[B]What is BNWAS supposed to remedy ? Watchstander fatigue ? Is BNWAS the cure here; just put a buzzer beside the OOW to keep him awake ? [/B]
Yes. It’s to keep the watch awake.
We had a deadman alarm on a ship I was on for the bridge. We were alone from sunrise to sunset, but the thing was more of a pain in the ass than anything else. I’m not one to fall asleep on watch, but it would definitely have woken me up if I was.
Definately needed by ATCs…
we have a strict two man bridge watch policy whenever were underway.
The BNWAS may prevent you from falling asleep but it won’t keep you from making poor, fatigue-tainted decisions.
On my ship the three watch officers stand a modified watch schedule that gives each of them eight hours of bridge time per day but also ensures each OOW can get at least one ten hour block of rest per day. Their work hours are broken up to allow for different mental tasks - something that research shows is important in maintaining alertness. We went to this schedule to remove the fatigue barrier in the watchstander’s decision making. My guys all wake up before their alarms and don’t need wakeup calls. They show up mentally prepared for watch, because they aren’t hampered with sleep debt.
Keeping someone awake with a buzzer won’t correct the mind’s ability to misinterpret data when it’s tired.
It’s just another tool in the bridge. Some of the better companies interface motion detectors in the bridge to accomplish having a passive system. If someone is there and awake, you will never know about having a dead man alarm. Funny that I read “we have a company policy that requires 2 in the bridge”. I guess that is good, but I wonder what instigated the need for the company to even have a policy for something as simple as an appropriate navigation watch…if you comply with the rules of the road, on the level that you should, you would have two in the bridge minus what any company has to say about it. Policy or not. My standing orders have always required that, at a minimum. There is a reason why “class” requires redundancy on equipment, and if the crew doesn’t replicate the same thing with the people, it really doesn’t make sense no matter how you look at it.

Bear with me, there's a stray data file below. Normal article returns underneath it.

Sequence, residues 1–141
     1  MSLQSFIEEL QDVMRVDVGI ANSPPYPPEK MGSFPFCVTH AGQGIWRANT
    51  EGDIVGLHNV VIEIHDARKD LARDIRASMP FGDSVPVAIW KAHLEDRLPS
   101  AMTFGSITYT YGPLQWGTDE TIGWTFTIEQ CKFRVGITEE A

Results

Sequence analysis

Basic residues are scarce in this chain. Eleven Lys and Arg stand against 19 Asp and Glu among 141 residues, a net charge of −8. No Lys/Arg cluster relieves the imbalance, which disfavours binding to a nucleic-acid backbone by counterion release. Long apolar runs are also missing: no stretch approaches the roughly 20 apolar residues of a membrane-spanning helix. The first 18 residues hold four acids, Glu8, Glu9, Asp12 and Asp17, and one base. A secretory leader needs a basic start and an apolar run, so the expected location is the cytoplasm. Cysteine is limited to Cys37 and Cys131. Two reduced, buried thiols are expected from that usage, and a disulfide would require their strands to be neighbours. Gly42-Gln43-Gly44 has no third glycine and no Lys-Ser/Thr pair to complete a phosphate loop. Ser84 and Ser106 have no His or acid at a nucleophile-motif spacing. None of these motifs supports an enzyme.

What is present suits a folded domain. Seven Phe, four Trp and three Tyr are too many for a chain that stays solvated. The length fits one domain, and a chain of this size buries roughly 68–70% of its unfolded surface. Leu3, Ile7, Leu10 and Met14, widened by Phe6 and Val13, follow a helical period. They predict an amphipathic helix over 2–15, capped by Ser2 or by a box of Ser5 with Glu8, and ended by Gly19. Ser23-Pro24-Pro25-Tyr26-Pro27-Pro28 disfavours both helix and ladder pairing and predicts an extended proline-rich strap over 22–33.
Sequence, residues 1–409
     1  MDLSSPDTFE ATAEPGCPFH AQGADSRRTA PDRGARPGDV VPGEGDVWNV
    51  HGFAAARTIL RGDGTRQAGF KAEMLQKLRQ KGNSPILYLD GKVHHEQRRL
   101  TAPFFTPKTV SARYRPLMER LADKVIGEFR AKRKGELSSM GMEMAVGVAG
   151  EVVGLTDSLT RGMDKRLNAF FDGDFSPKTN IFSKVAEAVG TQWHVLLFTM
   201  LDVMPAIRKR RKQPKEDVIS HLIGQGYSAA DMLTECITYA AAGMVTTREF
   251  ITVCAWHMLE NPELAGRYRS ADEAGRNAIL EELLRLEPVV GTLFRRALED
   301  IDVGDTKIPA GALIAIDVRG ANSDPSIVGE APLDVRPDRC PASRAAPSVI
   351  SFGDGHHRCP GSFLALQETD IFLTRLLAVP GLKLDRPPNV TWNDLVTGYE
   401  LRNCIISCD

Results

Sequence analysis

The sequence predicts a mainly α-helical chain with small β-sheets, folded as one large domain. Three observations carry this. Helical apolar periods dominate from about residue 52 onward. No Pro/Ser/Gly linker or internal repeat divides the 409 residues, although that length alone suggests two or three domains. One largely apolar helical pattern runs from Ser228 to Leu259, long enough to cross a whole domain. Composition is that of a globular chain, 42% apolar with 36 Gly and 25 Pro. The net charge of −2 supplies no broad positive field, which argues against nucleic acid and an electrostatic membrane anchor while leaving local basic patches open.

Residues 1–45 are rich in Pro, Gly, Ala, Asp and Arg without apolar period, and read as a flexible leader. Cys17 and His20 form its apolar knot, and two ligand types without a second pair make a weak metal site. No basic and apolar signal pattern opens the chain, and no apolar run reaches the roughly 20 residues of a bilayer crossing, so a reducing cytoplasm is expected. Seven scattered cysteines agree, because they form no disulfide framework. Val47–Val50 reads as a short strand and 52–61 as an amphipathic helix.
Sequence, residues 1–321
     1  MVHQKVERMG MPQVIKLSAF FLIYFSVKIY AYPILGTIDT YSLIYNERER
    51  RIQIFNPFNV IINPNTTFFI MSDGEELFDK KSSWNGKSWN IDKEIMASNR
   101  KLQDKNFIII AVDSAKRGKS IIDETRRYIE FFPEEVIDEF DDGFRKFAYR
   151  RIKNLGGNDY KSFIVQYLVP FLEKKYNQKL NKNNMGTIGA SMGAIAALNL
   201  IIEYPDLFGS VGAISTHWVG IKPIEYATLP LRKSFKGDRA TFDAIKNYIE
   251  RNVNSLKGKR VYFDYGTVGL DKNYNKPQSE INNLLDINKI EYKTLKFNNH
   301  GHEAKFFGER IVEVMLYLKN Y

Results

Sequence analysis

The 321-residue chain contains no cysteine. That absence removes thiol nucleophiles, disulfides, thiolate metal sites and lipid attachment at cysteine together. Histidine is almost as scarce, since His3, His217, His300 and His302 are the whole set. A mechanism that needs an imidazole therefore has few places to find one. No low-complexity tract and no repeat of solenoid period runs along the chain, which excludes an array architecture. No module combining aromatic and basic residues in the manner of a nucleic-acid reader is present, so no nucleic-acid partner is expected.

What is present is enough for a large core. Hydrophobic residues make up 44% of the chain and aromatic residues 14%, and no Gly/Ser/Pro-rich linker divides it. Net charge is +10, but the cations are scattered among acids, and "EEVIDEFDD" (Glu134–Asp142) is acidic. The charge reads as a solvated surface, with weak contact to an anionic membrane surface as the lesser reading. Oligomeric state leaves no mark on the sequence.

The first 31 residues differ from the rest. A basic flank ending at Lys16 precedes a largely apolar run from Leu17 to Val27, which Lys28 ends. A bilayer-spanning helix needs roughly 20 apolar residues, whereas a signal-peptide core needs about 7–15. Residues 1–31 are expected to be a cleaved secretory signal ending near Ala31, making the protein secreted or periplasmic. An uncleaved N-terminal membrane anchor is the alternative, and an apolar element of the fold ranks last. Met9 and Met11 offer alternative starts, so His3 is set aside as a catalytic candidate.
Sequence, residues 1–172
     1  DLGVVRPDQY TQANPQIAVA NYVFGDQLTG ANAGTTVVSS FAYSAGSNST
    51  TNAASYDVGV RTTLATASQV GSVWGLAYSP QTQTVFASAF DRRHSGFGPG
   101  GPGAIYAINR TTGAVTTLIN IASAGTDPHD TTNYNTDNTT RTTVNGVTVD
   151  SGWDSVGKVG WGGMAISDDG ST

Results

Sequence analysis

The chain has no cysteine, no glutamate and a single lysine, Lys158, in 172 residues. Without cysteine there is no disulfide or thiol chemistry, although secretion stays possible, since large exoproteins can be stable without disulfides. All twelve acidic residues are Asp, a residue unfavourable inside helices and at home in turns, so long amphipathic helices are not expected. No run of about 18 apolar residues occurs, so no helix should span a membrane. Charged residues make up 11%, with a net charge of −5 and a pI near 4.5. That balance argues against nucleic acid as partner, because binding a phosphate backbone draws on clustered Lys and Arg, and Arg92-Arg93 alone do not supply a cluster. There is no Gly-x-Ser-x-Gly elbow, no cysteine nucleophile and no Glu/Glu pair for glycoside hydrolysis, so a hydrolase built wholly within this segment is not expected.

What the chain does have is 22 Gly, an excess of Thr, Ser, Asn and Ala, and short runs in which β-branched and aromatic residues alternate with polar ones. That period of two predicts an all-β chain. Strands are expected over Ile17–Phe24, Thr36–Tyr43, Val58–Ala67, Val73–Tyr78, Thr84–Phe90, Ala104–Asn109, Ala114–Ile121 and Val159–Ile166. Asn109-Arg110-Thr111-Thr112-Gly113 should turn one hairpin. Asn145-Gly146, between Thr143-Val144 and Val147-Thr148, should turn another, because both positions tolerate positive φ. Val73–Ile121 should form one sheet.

It all boils down to fatigue. A company that installs and mandates the use of watch alarms is acknowledging that fatigue is an issue on their vessels and that they think an alarm will solve the problem. Anchorman has a good point about redundancy in equipment. It’s a shame that companies want to ignore the facts of physiology and expect us to be macho and “work through the pain” like tough guys. We’re just not wired to do what is asked of us over the arc of a career at sea.
It’s not a matter of companies installing BNWAS; this will become mandatory, opening all kinds of avenues for misuse, and abuse.
Up until now it has been a matter of companies installing BNWAS. Uninspected fishing vessels and OSVs and many others have had them on their bridges for years. In my experience I have seen that most of them are quickly disabled by the crews.
Mandatory fitting of a BNWAS on newbuild vessels is due to come into force in July 2011 and then on existing vessels from July 2012. http://bnwas.com/bnwas_regulations.html